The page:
His words were the only thing that cut through the air. Netheniel bit into his lip and nodded. The atmosphere these three produced was threatening—he felt it was dangerous to deny them.

“You are Netheniel Bater?”

Netheniel gritted his teeth before letting out a withheld sigh. “Why does it matter who I am?”

The man grimaced and stepped forward. He straightened his shoulders, and snorted. “It matters because you look exactly like this young man.” He dug through his pocket and pulled out a picture, which contained a picture of David, his wife, and a slightly younger picture of Netheniel. The edges of the picture were tattered and the speckles on the surface could show how old it was. Forty five years, to be exact.

Netheniel glanced between the picture and the strangers, a slow sadness creeping into his chest.

“Who are you?” He questioned with a quirk of his eyebrows.

The man pursed his lips and nodded. Netheniel was confused for a moment about why he did that, until a hard object hit him square in the back.

Netheniel face met the soft, wet ground. He grunted as the object fell with him and hands gripped his wrists. His body was jostled, but only because of the person that held him down; Netheniel held no protest against his attacker.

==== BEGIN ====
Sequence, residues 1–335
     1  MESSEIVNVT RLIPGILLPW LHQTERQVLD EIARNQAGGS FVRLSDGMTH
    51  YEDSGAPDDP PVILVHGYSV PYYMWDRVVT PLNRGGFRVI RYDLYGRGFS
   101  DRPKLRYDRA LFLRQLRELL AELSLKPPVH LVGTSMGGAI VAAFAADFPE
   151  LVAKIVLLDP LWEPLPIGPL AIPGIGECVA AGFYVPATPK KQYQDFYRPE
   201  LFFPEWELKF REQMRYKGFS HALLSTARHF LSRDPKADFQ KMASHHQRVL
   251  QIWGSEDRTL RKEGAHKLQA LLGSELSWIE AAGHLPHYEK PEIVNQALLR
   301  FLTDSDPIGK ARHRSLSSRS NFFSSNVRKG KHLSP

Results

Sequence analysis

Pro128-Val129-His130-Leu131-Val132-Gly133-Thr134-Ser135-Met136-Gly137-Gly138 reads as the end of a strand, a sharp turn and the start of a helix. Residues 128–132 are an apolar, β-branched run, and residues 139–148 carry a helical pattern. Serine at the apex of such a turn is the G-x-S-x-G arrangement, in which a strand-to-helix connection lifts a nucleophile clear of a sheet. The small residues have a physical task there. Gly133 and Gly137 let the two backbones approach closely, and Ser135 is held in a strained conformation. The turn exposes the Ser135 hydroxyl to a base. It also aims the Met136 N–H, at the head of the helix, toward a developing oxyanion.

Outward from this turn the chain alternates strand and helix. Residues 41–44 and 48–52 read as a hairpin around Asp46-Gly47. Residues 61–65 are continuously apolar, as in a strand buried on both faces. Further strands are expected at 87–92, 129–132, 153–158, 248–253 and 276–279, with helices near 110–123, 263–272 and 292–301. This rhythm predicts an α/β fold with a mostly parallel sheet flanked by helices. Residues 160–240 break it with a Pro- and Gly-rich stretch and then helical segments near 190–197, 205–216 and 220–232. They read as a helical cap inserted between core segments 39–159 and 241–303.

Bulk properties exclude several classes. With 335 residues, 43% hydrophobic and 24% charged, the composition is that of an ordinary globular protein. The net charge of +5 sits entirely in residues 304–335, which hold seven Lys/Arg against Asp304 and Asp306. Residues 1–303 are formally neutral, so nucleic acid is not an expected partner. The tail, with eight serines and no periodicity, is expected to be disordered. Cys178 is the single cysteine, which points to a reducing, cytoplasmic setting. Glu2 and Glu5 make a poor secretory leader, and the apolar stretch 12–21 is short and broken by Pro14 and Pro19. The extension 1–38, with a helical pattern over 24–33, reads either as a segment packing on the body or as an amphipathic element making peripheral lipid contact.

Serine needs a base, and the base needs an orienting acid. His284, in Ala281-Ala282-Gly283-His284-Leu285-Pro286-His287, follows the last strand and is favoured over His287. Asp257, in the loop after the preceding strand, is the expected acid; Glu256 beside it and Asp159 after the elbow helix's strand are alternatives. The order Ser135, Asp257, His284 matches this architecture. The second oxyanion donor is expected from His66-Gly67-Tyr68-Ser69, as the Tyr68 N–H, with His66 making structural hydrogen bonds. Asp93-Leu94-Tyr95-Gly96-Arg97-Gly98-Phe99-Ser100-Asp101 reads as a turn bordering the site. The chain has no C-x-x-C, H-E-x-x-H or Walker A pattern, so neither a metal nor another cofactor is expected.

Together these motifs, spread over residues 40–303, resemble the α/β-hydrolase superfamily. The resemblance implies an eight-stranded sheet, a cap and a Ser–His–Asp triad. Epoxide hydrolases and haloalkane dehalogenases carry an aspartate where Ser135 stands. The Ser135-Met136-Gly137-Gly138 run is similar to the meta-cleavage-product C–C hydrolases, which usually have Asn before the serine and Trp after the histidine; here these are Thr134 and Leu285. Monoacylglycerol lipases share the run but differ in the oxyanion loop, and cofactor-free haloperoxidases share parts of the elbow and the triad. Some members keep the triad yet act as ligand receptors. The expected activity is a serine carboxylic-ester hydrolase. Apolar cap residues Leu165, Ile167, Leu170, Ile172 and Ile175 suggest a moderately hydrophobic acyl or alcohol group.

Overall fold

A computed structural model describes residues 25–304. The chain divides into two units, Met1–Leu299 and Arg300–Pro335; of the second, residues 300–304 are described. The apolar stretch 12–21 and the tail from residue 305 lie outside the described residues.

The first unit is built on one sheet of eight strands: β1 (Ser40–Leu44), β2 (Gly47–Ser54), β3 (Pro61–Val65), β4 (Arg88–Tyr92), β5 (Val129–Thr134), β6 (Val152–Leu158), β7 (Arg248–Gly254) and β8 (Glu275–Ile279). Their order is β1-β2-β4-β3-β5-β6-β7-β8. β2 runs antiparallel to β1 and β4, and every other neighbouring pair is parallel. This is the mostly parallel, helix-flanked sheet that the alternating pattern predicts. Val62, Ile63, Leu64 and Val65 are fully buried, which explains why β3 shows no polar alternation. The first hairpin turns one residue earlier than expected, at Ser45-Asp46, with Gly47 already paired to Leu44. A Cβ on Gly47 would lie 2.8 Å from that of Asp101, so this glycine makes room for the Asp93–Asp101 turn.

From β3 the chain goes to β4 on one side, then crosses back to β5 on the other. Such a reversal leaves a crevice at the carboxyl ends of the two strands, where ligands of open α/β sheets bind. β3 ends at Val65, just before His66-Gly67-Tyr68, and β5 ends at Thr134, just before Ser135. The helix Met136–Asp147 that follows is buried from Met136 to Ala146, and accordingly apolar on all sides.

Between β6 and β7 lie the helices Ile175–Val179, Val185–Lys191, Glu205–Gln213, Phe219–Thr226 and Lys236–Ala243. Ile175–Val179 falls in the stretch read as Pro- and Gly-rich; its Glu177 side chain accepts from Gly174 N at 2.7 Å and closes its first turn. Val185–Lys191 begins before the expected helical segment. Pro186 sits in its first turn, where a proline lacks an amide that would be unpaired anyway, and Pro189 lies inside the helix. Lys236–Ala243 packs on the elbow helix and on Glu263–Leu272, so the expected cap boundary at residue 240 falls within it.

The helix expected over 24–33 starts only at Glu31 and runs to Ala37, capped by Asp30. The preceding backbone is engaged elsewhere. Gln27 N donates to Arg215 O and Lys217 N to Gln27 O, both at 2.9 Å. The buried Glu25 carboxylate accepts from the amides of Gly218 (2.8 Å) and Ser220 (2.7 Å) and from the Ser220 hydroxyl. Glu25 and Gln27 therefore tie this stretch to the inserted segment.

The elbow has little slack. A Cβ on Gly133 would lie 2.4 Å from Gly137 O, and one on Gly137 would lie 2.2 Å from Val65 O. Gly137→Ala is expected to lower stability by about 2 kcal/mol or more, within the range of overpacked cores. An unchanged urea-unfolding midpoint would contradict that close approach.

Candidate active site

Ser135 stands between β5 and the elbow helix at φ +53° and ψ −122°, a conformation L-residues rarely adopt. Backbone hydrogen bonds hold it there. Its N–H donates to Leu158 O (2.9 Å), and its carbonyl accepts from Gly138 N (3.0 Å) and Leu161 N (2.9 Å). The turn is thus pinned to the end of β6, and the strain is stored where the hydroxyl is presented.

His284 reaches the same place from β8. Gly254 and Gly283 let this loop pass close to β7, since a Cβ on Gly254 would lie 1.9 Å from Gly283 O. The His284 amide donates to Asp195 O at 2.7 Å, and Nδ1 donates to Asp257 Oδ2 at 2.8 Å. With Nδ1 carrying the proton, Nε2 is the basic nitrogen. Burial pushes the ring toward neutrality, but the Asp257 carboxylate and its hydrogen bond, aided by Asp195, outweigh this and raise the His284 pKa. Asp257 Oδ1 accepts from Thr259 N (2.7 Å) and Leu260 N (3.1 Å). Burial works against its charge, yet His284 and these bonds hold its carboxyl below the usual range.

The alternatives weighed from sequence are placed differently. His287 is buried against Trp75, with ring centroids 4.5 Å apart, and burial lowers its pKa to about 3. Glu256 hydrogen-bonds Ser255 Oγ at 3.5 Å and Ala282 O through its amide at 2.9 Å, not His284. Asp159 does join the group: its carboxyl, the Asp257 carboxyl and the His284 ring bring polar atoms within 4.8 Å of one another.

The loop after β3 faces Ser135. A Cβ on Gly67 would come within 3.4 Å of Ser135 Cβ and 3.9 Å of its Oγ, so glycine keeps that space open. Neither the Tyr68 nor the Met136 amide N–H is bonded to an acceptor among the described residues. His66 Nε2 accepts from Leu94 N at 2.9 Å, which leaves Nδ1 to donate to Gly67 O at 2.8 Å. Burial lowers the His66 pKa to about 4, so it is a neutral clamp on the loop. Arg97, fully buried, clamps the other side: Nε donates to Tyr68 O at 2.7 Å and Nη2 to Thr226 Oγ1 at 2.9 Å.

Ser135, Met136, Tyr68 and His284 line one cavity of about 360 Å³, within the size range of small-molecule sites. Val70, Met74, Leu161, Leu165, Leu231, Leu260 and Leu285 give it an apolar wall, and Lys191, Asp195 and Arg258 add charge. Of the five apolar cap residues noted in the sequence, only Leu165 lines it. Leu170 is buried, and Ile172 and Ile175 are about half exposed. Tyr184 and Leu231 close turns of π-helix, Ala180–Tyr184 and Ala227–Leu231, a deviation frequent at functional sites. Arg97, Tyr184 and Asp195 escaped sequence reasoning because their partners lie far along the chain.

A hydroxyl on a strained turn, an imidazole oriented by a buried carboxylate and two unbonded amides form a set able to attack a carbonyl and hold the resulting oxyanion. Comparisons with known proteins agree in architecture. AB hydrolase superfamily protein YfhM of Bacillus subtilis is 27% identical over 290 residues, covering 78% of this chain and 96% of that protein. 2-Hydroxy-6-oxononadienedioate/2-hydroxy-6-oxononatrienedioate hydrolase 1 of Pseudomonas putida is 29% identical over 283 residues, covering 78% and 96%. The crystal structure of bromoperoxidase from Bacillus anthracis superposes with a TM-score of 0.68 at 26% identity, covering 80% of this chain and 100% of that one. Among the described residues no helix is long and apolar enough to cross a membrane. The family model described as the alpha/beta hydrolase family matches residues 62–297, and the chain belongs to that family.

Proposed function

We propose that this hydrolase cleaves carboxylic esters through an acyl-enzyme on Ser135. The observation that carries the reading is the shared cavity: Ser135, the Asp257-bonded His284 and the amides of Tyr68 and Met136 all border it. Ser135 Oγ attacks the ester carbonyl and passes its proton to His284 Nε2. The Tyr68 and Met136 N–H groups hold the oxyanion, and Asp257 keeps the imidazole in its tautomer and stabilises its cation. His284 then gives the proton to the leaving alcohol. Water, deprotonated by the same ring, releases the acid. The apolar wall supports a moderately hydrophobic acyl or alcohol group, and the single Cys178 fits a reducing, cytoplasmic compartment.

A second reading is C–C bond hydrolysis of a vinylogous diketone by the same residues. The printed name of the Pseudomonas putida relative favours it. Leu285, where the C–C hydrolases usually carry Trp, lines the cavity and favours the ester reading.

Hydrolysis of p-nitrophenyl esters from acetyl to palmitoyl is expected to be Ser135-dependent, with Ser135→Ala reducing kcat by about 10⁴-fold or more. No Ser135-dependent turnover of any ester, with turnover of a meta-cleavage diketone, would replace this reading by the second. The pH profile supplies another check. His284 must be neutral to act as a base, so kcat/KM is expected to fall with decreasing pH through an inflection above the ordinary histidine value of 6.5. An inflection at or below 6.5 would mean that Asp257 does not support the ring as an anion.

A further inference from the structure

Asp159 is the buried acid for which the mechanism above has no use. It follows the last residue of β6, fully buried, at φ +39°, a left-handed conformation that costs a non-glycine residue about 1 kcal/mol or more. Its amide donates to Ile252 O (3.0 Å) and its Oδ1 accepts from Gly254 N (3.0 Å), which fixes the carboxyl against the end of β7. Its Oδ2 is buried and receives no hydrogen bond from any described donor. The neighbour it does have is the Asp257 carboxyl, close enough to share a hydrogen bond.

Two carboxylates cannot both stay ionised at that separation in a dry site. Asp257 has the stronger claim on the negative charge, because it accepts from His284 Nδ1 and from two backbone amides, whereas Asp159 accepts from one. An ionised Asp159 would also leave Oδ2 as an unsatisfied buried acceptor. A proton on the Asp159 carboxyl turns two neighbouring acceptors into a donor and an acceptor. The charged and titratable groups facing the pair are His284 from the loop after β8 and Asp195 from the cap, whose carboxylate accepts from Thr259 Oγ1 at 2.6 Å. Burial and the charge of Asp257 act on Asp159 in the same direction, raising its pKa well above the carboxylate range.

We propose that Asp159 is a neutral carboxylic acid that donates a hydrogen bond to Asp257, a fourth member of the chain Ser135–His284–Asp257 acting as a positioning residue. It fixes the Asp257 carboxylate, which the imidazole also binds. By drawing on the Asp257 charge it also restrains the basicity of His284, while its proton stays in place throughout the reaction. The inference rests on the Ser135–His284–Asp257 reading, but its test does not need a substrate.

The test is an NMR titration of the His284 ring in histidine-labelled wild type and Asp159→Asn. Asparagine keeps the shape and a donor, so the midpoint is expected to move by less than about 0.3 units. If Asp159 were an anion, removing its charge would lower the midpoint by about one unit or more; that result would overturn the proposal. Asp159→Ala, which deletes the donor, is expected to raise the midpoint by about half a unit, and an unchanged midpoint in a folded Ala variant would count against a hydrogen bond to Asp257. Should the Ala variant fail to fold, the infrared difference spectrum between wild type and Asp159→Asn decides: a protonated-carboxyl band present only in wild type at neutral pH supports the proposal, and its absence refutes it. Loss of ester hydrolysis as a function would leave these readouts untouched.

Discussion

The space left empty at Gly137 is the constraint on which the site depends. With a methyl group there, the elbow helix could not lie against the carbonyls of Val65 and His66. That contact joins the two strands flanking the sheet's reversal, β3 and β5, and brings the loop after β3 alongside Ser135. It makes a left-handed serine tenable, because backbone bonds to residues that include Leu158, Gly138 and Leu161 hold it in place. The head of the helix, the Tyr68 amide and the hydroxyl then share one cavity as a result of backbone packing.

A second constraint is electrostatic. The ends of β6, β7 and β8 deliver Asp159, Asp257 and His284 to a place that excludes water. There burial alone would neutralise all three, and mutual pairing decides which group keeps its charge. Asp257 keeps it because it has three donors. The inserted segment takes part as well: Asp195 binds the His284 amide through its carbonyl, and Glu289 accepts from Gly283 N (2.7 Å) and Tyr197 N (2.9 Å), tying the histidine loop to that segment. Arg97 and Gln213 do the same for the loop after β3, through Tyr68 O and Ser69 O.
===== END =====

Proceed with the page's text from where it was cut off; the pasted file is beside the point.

He kept his face buried into the ground. There was no fight in him.

A warm breath caressed Netheniel’s neck as the man’s boots came into view. “You know about the murders, I’m guessing.” The man paced before Netheniel.

Netheniel bit into his lip and stared at the details of the ground. His captor shook him violently when he didn’t reply.

“Yes,” Netheniel replied after a moment.

“Is that why you’re leaving town?”

“My father suggested I left so I wouldn’t get caught in the storm,” Netheniel said in a calm tone. “Our church has had several funerals over the last few weeks.”

“Have you been involved?”

Netheniel pursed his lips, feeling the sting of the cut.

“He doesn’t breathe, Matt,” a feminine voice called from the figure on Netheniel. “Only when he talks.”

There was a pause as the woman pressed down on Netheniel’s back. He closed his eyes for a moment. Breathing wasn’t mandatory for him, which was true. He still had human instincts, besides the need for food and drink, so he barely noticed whether he breathed or not.

A hand slid into his hair and tightened. His head was lifted painfully so that Matt could meet his stare.

“Alright,” the man said. “Take him in.”


The End